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The shepherd wonder'd at the just replies,
At first mistaken for the vocal-breeze;
But, when he found his little rival near,
Imbibing music both at eye and ear,
With a sublimer touch he swept the lute,
A summons to the musical dispute.
The summons she receiv'd, resolved to try,
And daring, warbled out a bold reply.
Now sweetest thoughts the gentle swain inspire,
And with a dying softness tune the lyre;
Echo the vernal music of the woods,
Warble the murmurs of the falling floods.
Thus sweet he sings, but sweetly sings in vain, .
For Philomela breathes a softer strain;
With easier art she modulates each note,
More nat'ral music melting in her throat.
Much he admir'd the magic of her tongue,
But more to find his lute and harp outdone.
And now to loftier airs he tunes the strings,
And now to loftier airs his echo sings;
Though loud as thunder, though as swift as thought,
She reach'd the swelling, caught the flying note;
In trembling treble, now in solemn bass,
She show'd how nature could his art surpass,
Amaz'd, at length; with rage the shepherd burn’d,
His admiration into anger turn'd;
Infam’d, with emulating pride he stood,
And thus defy'd the charmer of the wood:

And wilt thou still my music imitate?
Then see thy folly and thy task is great:
For, know, more pow'rful lays remain unsung,
Lays far superior to thy mimic tongue.
If not, this lute, this vanquish'd lute, I swear,
Shall never more delight the ravish'd ear;
But broke, in scatter'd fragnients strew the plain,
And mourn the glories which it could not gain.
He said, and as he said, his soul on fire,
With a disdainful air, he struck the lyre.
Quick to the touch, the tides of music fow,
Swell into strength, or melt away in woe:
Now raise the shrilling trumpet's clariging jar,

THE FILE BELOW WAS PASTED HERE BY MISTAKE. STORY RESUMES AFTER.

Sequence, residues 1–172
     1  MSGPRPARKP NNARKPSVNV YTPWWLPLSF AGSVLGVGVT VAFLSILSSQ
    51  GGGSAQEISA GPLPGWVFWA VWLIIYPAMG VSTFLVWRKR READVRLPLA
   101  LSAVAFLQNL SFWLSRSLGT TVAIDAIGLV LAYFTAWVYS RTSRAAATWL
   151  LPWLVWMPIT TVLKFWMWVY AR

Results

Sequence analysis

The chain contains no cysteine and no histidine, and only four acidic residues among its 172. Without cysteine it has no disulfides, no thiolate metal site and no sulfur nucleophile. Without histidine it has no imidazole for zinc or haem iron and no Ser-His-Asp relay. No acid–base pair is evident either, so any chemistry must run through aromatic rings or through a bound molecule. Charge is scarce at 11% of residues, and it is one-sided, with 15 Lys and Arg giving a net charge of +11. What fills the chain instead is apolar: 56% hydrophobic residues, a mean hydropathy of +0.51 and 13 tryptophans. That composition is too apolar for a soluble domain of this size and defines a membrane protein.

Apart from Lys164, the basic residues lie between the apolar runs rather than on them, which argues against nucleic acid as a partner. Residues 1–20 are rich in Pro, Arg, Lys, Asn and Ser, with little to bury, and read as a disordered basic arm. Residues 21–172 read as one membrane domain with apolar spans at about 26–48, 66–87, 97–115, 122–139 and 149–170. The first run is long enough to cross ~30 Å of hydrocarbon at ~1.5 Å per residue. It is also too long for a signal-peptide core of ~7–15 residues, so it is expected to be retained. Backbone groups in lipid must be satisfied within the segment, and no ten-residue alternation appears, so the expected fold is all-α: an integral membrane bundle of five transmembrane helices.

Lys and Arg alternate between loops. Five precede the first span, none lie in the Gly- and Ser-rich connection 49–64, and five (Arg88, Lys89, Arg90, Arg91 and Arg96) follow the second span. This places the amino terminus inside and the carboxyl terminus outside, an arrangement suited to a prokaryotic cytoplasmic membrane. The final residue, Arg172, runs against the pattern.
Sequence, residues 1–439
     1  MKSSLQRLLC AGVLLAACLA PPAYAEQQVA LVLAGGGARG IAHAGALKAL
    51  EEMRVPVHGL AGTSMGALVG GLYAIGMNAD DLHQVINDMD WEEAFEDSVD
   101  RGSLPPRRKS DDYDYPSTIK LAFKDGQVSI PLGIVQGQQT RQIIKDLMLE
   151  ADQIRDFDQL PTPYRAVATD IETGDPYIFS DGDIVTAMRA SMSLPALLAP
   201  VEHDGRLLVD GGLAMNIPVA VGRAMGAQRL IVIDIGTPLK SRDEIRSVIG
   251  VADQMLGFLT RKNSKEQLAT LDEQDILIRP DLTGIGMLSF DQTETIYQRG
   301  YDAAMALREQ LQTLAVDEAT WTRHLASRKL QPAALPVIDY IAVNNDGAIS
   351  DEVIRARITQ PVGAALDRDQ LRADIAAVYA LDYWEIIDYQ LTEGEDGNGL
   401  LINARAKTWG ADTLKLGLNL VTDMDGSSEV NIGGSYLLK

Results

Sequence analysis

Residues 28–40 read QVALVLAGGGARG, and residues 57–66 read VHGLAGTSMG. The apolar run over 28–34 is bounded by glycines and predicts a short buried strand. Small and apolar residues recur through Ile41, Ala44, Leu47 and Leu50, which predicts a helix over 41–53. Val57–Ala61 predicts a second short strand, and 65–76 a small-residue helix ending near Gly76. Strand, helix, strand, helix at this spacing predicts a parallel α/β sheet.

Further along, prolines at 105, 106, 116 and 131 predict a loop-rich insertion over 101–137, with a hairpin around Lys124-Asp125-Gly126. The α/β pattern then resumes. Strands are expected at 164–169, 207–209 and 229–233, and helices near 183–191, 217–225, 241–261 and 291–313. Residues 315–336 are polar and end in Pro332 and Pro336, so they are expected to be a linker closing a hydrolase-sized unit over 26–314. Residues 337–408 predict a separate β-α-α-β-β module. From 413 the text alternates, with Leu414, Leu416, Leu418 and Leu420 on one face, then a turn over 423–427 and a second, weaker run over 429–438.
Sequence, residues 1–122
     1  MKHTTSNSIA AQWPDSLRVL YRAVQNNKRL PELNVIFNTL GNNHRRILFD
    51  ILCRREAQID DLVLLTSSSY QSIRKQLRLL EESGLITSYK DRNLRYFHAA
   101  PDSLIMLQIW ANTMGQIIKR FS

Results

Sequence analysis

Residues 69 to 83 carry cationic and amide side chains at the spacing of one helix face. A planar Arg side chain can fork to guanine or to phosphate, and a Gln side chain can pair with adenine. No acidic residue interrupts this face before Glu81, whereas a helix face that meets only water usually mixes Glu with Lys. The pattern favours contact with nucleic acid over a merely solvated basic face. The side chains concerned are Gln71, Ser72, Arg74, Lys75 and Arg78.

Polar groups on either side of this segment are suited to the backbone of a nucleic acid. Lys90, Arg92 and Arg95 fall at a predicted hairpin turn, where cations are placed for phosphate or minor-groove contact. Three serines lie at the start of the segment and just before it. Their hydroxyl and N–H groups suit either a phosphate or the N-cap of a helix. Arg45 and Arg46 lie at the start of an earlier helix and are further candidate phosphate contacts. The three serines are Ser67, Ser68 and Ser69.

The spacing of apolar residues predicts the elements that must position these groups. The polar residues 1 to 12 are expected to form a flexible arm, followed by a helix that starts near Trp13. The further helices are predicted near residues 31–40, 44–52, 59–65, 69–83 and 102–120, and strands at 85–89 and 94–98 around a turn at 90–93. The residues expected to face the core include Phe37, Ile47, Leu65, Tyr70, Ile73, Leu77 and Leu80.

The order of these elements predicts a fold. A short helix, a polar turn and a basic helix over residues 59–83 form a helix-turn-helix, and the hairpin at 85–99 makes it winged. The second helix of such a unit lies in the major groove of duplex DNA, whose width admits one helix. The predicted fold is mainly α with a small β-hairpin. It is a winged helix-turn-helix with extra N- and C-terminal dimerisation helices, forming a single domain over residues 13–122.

And imitated thunders rouse the war:
Now soft'ning sounds, and sadly-pleasing strains,
Breathe out the lover's joys, and lover's pains.
He sung; and ceas'd her rival notes to hear,
As his dy'd listning in the ambient air.
But now, too late, her noble folly found,
Sad Philomela stood subdu'd by sound :
Though vanquish'd, yet with gen'rous ardour fill'ds
Ignobly still she scom'd to quit the field;
But slowly faint her plaintive accents flow,
Weaken’d with grief, and overcharg'd with woe...
Again she tunes her voice, again she sings,
Strains every nerve, and quivers on her wings
In vain her sinking spirits fade away,
And in a tuneful agony decay:

Dying she fell, and as the strains expire, Breath'd out her soul in anguish on the lyre; Dissolv'd in transport, she resign'd her breath, And gain'd a living conquest by her death

DAY: A PASTORAL.

BY CUNNINGHAM.

MORNING.

-- Carpe diem..

HOR,

1.
In the barn the tenant cock,

Close to Partlet perch'd on high,
Briskly crows, (the shepherd's clock !)

Jocund that the morning's nigb.

Swiftly from the mountain's brow,

Shadows, nurs’d by night, retire;
And the peeping sun-beam now

Paints with gold the village spire.

Philomel forsakes the thorn,

Plaintive where she prates at night, And the lark, to meet the morn,

Soars beyond the shepherd's sight.

From the low-roof'd cottage ridge,

See the chatt’ring swallow spring; Darting through the one-arch'd bridge, Quick she dips her dappled wing.

. 5. Now the pine-tree's waving top

Gently greets the morning galé: Kidlings now begin to crop

Daisies on the dewy dale. .

6.

From the balmy sweet, uncloy'd,

(Restless till her task be done) Now the busy bee's employ'd

Sipping dew before the sun.

Trickling through the crevic'd rock,

Where the limpid stream distils, Sweet refreshment waits the flock When 'tis sun-drove from the hills.

8. Colin's for the promis'd corn

(Ere the harvest bopes are ripe) Anxious;-whilst the huntsman's horn, Boldly sounding, drowns his pipe.

. 9. Sweet,-0 sweet, the warbling throng.

On the white emblossom'd spray! Nature's universal song

Echoes to the rising day.

NOON.

10.

Forvid on the glittring flood

Now the noontide radiance glows;
Drooping o'er its infant bud,
Not a dew-drop's left the rose.

11. .
By the brook the shepherd dines,

From the fierce meridian heat Shelter'd by the branching pines

Pendent o’er his grassy seat.

12.

Now the flock forsakes the glade,

Where uncheck'd the sun-beams fall: Sure to find a pleasing shade By the ivy'd abbey wall.

13. Echo in her airy round,

O'er the river, rock, and hill, Cannot catch a single sound, Save the clack of yonder mill.

- 14. Cattle court the zephyrs bland,

Where the streamlet wanders cool Or with languid silence stand

Midway in the marshy pool.

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